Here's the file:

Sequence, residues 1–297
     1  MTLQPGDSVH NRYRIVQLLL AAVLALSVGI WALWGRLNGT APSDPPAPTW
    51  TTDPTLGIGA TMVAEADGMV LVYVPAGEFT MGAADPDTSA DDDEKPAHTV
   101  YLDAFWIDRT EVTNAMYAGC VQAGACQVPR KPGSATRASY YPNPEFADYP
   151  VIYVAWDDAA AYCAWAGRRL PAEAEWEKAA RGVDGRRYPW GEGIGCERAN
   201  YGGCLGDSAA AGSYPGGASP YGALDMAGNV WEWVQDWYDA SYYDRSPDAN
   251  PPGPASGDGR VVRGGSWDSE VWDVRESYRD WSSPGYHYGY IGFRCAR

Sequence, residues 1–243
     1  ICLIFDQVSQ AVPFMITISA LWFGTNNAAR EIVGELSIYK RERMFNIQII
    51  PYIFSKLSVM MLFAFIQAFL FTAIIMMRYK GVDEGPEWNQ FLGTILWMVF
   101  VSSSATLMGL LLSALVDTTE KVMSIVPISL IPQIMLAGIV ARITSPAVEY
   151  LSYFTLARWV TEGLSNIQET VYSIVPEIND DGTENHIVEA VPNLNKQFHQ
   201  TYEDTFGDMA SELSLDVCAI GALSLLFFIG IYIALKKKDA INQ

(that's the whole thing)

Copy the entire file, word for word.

Sequence, residues 1–297
     1  MTLQPGDSVH NRYRIVQLLL AAVLALSVGI WALWGRLNGT APSDPPAPTW
    51  TTDPTLGIGA TMVAEADGMV LVYVPAGEFT MGAADPDTSA DDDEKPAHTV
   101  YLDAFWIDRT EVTNAMYAGC VQAGACQVPR KPGSATRASY YPNPEFADYP
   151  VIYVAWDDAA AYCAWAGRRL PAEAEWEKAA RGVDGRRYPW GEGIGCERAN
   201  YGGCLGDSAA AGSYPGGASP YGALDMAGNV WEWVQDWYDA SYYDRSPDAN
   251  PPGPASGDGR VVRGGSWDSE VWDVRESYRD WSSPGYHYGY IGFRCAR

Sequence, residues 1–243
     1  ICLIFDQVSQ AVPFMITISA LWFGTNNAAR EIVGELSIYK RERMFNIQII
    51  PYIFSKLSVM MLFAFIQAFL FTAIIMMRYK GVDEGPEWNQ FLGTILWMVF
   101  VSSSATLMGL LLSALVDTTE KVMSIVPISL IPQIMLAGIV ARITSPAVEY
   151  LSYFTLARWV TEGLSNIQET VYSIVPEIND DGTENHIVEA VPNLNKQFHQ
   201  TYEDTFGDMA SELSLDVCAI GALSLLFFIG IYIALKKKDA INQ